I would think that the answer is simple. Because of the historical, racist connotation of the N-word that originated from white people due to a power imbalance, there is almost no way for a person of another race other than black to refer to someone as that word without retaining the original meaning of the word.

It does not matter if anyone of another race (and I mean anyone other than black people) says the word with the hard “R” or replaces it with an “A.” The word still has racist undertones. There is a hard, harsh power behind that word that should not have to be explained. If anything, the fact that I personally, as a black female, have to question the underlying intentions of the person saying it should be enough to make others not want to say it in conversation.

But still, there are people, white people and people of other minority groups, who insist on saying it.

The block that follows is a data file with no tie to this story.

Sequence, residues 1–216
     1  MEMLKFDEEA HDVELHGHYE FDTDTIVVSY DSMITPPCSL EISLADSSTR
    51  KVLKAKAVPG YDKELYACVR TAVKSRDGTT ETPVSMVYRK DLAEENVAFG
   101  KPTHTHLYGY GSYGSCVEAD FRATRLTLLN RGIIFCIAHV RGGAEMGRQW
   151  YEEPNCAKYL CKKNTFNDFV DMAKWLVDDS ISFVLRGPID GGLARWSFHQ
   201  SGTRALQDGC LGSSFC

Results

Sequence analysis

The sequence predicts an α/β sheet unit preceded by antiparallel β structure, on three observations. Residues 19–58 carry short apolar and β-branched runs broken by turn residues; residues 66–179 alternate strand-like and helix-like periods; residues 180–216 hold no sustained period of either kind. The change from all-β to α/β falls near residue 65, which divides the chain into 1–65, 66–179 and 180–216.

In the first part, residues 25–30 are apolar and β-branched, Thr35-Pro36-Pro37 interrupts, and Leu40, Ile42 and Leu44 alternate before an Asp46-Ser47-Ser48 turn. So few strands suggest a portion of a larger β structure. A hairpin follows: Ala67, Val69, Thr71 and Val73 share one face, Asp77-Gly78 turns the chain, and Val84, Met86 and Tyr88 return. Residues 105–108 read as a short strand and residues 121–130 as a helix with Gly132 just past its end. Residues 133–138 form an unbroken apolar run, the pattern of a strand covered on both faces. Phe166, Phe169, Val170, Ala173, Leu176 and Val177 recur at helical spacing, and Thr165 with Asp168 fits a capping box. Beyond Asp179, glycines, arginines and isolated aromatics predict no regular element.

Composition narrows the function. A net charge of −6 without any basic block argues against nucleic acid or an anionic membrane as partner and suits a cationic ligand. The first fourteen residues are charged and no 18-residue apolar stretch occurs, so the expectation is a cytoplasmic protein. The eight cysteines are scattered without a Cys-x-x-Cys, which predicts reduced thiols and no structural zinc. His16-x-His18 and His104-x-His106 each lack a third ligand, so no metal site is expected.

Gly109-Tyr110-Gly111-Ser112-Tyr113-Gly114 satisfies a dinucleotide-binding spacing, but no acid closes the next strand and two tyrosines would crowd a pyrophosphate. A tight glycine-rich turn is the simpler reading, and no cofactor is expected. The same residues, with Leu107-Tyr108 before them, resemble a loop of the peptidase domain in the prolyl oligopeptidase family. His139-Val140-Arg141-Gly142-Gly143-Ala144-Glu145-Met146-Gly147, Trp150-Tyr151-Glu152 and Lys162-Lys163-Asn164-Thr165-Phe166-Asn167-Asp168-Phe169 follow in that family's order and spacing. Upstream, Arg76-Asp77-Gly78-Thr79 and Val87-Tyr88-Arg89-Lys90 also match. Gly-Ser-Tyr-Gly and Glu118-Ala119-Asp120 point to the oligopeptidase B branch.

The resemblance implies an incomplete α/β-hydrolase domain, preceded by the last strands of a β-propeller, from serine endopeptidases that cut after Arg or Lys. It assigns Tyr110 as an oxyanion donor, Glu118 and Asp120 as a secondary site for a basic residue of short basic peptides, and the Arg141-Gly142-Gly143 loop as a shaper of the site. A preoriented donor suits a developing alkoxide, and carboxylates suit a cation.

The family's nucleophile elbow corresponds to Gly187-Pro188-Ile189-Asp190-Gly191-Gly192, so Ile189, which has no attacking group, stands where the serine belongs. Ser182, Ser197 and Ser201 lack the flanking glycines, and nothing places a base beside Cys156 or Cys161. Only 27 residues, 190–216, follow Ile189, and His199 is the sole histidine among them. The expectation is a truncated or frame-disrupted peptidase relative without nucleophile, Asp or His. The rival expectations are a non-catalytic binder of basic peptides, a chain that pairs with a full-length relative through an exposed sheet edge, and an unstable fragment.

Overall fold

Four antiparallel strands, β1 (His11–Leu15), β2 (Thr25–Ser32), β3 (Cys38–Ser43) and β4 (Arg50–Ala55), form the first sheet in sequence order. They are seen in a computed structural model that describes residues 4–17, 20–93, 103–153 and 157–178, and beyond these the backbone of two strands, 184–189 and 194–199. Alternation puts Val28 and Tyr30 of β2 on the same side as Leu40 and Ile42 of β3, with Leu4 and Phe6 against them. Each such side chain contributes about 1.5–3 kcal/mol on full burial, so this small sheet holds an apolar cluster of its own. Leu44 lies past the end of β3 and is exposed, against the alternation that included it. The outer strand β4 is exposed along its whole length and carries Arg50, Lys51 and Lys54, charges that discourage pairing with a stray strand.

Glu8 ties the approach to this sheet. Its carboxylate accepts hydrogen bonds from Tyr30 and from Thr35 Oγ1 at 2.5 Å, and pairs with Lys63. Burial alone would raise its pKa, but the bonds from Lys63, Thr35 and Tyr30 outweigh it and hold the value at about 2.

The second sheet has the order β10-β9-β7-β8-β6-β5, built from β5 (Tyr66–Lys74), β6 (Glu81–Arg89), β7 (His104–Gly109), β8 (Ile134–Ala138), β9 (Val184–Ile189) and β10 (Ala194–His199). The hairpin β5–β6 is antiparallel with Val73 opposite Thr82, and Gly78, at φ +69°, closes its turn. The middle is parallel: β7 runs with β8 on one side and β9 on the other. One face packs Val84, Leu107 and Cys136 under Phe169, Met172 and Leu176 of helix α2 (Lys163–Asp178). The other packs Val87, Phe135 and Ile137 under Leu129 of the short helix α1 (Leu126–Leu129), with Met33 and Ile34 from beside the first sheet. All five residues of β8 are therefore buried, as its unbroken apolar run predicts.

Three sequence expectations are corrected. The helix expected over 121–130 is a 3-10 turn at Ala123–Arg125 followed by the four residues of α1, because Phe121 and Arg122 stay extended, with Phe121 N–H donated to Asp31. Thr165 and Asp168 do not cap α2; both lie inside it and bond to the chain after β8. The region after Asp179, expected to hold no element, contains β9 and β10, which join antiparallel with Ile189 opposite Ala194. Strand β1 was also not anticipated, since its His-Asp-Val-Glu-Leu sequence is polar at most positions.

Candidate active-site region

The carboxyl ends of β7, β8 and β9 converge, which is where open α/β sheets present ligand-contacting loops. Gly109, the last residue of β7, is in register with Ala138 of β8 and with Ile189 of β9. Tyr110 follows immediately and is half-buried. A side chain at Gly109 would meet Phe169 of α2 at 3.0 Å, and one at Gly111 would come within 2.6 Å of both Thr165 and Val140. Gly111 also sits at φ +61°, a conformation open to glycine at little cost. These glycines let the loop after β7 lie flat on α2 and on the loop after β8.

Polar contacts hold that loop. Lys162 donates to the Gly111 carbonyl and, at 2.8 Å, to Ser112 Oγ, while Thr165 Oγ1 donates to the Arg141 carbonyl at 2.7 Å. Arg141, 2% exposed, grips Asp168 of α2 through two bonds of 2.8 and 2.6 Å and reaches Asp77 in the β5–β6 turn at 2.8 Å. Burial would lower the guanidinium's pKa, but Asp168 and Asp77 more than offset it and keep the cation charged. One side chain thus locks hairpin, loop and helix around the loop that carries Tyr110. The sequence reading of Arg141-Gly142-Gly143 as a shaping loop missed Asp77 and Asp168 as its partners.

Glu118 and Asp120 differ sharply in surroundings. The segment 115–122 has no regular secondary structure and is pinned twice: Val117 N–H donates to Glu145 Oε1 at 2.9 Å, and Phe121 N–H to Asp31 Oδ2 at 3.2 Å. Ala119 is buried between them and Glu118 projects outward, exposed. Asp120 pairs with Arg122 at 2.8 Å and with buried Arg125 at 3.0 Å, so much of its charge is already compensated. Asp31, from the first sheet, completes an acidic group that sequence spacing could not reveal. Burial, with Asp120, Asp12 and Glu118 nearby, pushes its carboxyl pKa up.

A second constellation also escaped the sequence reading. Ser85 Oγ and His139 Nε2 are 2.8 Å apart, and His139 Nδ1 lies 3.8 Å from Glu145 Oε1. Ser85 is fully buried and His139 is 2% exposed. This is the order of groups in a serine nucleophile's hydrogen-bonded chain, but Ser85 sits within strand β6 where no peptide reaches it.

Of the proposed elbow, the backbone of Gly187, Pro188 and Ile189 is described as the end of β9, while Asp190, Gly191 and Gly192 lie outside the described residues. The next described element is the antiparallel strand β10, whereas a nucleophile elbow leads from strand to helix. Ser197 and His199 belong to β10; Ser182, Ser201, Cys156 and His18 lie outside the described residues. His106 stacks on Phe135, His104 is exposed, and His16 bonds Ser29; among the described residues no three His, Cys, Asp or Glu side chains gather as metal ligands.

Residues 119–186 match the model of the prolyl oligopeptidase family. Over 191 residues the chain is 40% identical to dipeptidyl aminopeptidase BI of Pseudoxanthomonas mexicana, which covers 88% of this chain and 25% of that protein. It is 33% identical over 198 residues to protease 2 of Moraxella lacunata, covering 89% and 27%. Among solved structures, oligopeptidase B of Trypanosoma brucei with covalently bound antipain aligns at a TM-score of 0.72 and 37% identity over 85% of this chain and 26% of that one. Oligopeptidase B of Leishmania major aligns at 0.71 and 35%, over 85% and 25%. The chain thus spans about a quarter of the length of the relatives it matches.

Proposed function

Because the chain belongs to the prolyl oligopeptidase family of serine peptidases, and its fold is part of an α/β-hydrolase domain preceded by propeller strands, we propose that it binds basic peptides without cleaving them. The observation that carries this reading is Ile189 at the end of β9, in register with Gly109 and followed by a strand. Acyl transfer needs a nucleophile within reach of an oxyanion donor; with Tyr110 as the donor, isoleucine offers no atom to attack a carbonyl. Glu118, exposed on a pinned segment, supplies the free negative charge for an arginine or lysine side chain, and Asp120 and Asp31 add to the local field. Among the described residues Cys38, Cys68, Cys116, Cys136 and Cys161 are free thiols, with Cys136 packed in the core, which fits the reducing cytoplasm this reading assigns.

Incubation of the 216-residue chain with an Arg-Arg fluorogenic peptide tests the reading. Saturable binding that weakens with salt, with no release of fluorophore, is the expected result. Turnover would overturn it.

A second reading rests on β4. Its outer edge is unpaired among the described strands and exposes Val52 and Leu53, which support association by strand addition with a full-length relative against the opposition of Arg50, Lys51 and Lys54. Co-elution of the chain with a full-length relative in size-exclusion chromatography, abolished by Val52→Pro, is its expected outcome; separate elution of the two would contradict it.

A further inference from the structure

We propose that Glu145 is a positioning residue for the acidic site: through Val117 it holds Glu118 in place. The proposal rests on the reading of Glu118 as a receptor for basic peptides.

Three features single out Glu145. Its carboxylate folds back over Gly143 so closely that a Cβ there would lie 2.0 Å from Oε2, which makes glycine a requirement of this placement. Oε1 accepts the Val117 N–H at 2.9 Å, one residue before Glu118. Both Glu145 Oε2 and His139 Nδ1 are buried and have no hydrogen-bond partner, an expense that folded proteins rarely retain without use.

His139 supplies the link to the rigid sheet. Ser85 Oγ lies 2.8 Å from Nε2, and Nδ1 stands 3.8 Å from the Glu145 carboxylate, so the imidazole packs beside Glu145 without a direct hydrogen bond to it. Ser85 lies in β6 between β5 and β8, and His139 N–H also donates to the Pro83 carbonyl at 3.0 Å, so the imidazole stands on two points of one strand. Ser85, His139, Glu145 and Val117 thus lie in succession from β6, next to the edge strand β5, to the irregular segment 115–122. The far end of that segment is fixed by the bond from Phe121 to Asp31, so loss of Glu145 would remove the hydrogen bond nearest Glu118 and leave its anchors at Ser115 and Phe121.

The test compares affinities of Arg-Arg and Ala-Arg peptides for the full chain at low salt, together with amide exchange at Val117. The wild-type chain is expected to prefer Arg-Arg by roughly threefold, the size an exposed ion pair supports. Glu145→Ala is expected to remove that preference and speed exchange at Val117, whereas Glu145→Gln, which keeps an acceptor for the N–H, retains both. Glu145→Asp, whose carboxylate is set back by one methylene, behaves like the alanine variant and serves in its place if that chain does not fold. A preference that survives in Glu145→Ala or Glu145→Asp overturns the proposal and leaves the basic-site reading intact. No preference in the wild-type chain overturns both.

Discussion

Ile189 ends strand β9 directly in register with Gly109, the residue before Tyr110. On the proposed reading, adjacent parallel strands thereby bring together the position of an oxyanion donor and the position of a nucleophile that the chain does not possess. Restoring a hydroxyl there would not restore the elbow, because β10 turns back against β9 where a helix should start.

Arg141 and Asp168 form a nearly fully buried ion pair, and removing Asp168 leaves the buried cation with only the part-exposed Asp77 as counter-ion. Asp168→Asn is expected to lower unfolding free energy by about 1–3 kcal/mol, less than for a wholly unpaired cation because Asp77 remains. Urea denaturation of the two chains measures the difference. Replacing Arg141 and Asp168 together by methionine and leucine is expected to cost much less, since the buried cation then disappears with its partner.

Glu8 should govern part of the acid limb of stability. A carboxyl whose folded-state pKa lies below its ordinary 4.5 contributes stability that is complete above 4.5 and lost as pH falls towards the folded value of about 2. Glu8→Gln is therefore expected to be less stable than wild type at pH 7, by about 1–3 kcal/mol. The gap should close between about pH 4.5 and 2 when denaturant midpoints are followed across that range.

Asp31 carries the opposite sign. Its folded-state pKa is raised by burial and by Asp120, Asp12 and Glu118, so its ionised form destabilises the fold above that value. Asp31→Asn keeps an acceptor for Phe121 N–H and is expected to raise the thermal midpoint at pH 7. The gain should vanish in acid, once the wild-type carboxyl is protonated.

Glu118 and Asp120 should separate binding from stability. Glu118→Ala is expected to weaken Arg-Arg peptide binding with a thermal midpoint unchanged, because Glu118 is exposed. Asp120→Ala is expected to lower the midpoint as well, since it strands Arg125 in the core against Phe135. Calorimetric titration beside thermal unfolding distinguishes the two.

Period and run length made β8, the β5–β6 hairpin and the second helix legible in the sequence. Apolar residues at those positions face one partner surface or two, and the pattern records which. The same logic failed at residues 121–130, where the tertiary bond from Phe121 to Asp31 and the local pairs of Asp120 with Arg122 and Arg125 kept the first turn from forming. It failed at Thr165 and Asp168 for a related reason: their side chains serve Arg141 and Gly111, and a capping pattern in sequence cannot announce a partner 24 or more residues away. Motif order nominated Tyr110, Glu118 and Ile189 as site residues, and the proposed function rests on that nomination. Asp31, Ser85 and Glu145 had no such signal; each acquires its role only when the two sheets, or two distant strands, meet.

Despite your stance on political correctness, why go through the trouble of potentially being called racist? What makes you want to say that word so badly that you are willing to disregard black people’s feelings?

I blame it on America’s (disingenuous) message of the melting pot, where we happily share and exchange cultures.

We live in a society that teaches us that we have to share everything – not just physical items but anything personal (like cultural traditions) as well, which often leads to cultural appropriation – another thing that people are tired of hearing about but refuse to stop doing. Weird.